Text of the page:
Henrietta Lacks (August 1, 1920 – October 4, 1951) was an African American woman who was the unwitting donor of cells from her cancerous tumor that was biopsied during treatment for cervical cancer at the Johns Hopkins Hospital in Baltimore, Maryland, U.S.
These cells were cultured by George Otto Gey to create the first human immortal cell line, now known as the HeLa cell line, which is still used for medical research.
In 1951, Henrietta Lacks was diagnosed with cervical cancer and was treated at the segregated Johns Hopkins Hospital with radium tube inserts, a standard treatment at the time. As a matter of routine, samples of her cervix were removed without permission. George Otto Gey (1899-1970), a cancer researcher at Hopkins had been trying for years to study cancer cells, but his task proved difficult because cells died in vitro (outside the body). The sample of cells Henrietta Lacks’s doctor made available to Gey, however, did not die. Instead they continued to divide and multiply. The He-La cell line was born. He-La was a conflagration of Henrietta Lacks.
Permission for doctors to use anyone’s cells or body tissue at that time was traditionally not obtained, especially from patients seeking care in public hospitals. The irony was that Johns Hopkins (1795-1873), an abolitionist and philanthropist, founded the hospital in 1889 to make medical care available to the poor. Informed Consent as a doctrine came into practice in the late 1970s, nearly three decades after Henrietta Lack’s death. The new practice grew out of the embarrassment over WWII Nazi medical experiments and the infamous Tuskegee Syphilis Experiment of 1932-1972.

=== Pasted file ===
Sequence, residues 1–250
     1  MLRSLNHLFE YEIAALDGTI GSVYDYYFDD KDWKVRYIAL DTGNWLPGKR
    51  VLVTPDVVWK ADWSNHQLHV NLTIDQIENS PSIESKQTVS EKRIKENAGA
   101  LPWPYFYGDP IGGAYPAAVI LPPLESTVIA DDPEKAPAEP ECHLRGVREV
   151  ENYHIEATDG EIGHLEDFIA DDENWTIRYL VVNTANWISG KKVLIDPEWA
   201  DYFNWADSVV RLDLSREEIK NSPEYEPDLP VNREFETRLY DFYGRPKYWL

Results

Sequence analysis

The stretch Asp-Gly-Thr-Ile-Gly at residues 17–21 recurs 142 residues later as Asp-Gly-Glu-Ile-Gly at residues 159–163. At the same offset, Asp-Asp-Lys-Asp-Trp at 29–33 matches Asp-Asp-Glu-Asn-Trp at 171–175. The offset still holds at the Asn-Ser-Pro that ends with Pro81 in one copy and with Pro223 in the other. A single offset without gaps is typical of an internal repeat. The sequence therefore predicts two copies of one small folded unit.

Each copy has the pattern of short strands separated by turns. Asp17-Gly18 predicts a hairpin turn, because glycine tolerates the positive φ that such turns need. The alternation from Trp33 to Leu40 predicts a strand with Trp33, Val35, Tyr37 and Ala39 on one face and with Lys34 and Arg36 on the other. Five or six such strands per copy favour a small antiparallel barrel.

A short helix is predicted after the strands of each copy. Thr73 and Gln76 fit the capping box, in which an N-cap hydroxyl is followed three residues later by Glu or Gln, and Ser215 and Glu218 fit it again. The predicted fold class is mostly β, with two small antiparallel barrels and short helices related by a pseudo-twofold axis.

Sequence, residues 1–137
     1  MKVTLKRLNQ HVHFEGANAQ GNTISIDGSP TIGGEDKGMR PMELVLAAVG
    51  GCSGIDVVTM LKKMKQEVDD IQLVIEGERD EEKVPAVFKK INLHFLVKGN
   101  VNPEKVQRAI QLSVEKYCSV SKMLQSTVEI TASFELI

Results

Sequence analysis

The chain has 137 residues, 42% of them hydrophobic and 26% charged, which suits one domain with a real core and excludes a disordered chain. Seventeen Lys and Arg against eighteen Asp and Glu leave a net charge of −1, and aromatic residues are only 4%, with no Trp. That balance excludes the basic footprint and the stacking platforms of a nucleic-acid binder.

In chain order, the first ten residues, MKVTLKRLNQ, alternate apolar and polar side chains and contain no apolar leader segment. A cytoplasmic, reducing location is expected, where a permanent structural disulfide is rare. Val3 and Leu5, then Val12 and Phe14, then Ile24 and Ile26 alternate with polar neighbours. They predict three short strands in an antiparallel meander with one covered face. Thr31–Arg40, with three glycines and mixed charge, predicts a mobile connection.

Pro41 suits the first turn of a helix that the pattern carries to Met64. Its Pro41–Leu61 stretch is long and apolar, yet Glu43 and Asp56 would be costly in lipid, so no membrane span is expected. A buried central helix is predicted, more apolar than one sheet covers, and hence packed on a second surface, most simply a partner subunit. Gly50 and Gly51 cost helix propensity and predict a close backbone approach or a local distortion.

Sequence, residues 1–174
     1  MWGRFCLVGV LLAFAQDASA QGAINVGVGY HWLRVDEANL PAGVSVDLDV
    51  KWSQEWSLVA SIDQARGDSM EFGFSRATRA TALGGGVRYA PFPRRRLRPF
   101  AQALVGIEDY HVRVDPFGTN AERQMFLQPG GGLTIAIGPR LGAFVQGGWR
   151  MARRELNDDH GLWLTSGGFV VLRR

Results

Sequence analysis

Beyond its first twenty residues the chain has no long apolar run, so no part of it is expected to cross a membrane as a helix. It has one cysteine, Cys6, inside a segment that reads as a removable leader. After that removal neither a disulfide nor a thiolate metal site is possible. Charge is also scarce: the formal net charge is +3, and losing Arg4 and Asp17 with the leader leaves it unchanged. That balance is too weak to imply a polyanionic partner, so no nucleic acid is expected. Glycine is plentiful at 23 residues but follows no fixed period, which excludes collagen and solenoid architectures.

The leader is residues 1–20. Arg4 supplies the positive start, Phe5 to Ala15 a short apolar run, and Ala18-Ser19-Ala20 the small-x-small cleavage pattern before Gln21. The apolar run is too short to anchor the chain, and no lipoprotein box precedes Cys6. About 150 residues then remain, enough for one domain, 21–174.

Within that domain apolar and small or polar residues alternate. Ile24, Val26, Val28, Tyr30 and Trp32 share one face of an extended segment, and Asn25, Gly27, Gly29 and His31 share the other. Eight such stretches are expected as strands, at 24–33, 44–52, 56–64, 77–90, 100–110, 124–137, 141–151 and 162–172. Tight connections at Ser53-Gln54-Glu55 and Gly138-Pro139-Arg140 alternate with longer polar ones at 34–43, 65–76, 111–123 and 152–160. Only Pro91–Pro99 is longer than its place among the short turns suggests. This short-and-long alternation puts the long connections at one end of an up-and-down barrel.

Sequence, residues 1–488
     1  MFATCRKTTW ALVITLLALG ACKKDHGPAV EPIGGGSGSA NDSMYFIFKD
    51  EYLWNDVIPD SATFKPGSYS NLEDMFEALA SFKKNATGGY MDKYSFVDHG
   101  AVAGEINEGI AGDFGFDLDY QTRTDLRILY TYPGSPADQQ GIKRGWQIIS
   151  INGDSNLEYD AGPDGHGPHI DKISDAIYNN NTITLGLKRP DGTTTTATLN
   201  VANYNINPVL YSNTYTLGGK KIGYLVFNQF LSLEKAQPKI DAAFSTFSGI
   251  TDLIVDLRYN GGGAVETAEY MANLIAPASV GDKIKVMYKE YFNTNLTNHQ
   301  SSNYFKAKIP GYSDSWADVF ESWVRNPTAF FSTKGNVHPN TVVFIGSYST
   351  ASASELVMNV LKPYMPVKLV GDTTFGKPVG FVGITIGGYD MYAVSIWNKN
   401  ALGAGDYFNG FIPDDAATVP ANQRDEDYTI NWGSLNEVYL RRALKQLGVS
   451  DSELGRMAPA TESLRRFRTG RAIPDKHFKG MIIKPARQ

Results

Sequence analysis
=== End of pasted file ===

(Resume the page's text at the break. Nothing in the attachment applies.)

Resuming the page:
It is believed that, George Gey attempted to protect the privacy of deceased Henrietta Lacks, however some believe his efforts were to intentionally conceal her identity because she was black. Thus the origin of the cells was alleged to have come from Helen Lane or Helen Larson, or even from Austrian-born American actress, Hedy Lamarr (1913-2000). Gey was the consummate professional biologist and used Henrietta Lacks’s cells in the sole interests of finding a cure for cancer.
With no desire for profit, he made the He-La cells available to all interested in biological research, including virologist Jonas Salk (1914-1995). The He-La cell line in turn allowed the discovery of the Salk vaccine which led to the near world-wide eradication of polio.
Lacks was buried in an unmarked grave in the family cemetery in a place called Lackstown in Halifax County, Virginia. Lackstown is the name that was given to the land in Clover, Virginia that was originally owned by white, land- and slave-owning members of the Lacks family before the Civil War. Later generations gave the land to the many black members of the Lacks family who were descendants of African slaves and their white owners.
Lacks's exact burial location is unknown, but the family believes that it is within a few feet of her mother's gravesite, which for decades, was the only one in the family to have been marked with a tombstone.
In 2010, Roland Pattillo of the Morehouse School of Medicine donated a headstone for Lacks after reading Rebecca Skloot's book The Immortal Life of Henrietta Lacks. This prompted her family to raise money for a headstone for Elsie Lacks as well, which was dedicated on the same day.
Henrietta Lacks's headstone is shaped like a book and contains an epitaph written by her grandchildren that reads: In loving memory of a phenomenal woman, wife and mother who touched the lives of many. Here lies Henrietta Lacks (HeLa). Her immortal cells will continue to help mankind forever. Eternal Love and Admiration, From Your Family.
Oprah Winfrey stared in a critically acclaimed limited series about Lacks life for HBO, titled “The Immortal Life of Henrietta Lacks” in 2017.
Contributors: wikipedia.org, blackpast.org
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